William Christenberry is a multi-talented artist who has undertaken a decades-long project of photographing his home, Hale County, Alabama. Embarking every year on a personal journey throughout Alabama, Christenberry patiently drew a certain history of America, focusing on the gradual degradation of the constructions and the devastating emptiness of the region.
Year after year, wooden farms dissolve in the fields, a once mythic grocery store runs out of business, an underground club changes colors at the whim of each new owner, and bricks turn round before falling apart. As the pace of rural exodus quickens, so does the vanishing of the place’s memory. His work is often based around sets of images which contain 10-20 photographs of the same place. These series document the slow transformations that occurred in each spot under the pressure of time. The repetition of similar landscapes, and in many cases of similar buildings, spanning periods of over 30 years, infuses the frames with loneliness and decay.
Tallladega College Marching Band
New Orleans, Louisiana
"The Beautiful" in Talladega
“I don’t know whether I am doing a right deed as to plead to you. But I do know that I am all right to plead for my race…I am a Southern colored girl in New York.” –Miss South Carolinean, April 10, 1933
Letter from Miss South Carolinean [Carolinian] to President Franklin Roosevelt Regarding the Scottsboro Case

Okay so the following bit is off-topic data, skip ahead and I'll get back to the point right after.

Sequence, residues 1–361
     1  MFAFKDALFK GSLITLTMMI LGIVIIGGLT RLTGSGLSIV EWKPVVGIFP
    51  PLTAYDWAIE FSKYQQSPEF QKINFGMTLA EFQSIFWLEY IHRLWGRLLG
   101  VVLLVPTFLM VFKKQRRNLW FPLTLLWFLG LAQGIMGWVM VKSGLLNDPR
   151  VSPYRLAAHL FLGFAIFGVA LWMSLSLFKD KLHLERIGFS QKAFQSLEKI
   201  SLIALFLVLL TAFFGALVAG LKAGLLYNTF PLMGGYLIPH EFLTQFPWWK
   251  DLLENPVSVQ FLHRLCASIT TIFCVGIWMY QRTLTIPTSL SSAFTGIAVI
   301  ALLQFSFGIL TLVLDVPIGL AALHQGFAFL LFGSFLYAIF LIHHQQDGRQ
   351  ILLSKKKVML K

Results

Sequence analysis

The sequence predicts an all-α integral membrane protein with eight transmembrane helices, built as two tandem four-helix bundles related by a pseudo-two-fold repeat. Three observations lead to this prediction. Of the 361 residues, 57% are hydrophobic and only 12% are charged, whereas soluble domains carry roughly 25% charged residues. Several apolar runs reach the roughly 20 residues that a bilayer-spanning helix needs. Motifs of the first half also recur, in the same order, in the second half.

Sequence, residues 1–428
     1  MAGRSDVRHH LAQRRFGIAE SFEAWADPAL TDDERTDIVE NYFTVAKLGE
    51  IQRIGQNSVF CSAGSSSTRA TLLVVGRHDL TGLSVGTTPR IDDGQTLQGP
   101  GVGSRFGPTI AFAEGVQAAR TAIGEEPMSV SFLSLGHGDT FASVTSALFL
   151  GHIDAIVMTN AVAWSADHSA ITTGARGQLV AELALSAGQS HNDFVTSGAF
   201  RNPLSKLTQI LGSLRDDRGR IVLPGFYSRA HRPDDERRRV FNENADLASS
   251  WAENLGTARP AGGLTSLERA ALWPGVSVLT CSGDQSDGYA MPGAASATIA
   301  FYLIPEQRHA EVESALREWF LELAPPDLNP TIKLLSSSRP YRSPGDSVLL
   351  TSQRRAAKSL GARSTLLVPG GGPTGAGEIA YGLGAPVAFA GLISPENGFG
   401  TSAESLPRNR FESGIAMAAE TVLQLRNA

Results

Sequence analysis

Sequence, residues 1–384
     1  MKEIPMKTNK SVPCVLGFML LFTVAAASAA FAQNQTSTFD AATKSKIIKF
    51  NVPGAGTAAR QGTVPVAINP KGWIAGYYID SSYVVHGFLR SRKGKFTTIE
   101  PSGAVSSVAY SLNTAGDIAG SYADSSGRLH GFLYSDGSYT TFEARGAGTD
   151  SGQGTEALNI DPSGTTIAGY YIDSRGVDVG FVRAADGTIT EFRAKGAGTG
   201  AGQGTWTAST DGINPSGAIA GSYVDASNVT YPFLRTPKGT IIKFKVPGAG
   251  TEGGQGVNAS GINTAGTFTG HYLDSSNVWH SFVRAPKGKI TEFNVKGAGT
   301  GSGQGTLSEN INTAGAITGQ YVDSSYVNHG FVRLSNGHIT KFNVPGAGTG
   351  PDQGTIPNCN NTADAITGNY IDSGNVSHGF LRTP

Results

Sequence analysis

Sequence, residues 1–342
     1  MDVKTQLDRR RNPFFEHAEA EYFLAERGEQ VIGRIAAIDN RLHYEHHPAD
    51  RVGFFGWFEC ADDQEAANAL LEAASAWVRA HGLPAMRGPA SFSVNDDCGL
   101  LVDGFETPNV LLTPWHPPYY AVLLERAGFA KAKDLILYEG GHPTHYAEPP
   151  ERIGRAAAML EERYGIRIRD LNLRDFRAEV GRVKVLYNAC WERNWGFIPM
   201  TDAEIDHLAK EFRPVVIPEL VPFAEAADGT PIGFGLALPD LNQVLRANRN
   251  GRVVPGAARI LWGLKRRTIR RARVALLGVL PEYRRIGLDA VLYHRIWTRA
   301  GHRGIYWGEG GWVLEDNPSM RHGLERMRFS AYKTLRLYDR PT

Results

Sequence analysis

Clarence Norris, Charlie Weems, Haywood Patterson, Ozie Powell, Willie Robertson, Eugene Williams, Olen Montgomery, Andy Wright, and Ray Wright were known as the “Scottsboro Boys.” In 1931, the nine African Americans were tried and convicted of assault and rape in Alabama by all-white juries within two weeks. Eight were sentenced to death. In this letter to Franklin Roosevelt, “Miss South Carolinian” asked for the President’s help.
The initial speedy trials, the age of the defendants, the racial bias of the juries and the severity of the sentences led to arguments that the defendants never received fair trials and a movement to free them. Their case went to the Supreme Court of the United States, which ruled they were denied the right to counsel, violating their right to due process under the 14th amendment. Eventually, their sentences were commuted and charges against four were dropped, but their lives were forever changed as most spent years in jail. On November 21, 2013, posthumous pardons were issued by the state of Alabama to Charlie Weems, Andy Wright and Haywood Patterson.
This letter is among the featured items at the “Making Their Mark: Stories Through Signatures" exhibit now on display at the National Archives Museum.
Caught this during school today: a high-hood GP38 leading a local freight!
Here are a few images from Hangout Festival 2013 in Gulf Shores, Alabama. All images were shot with a Canonet ql17.
Photography: Alan Barrington Evans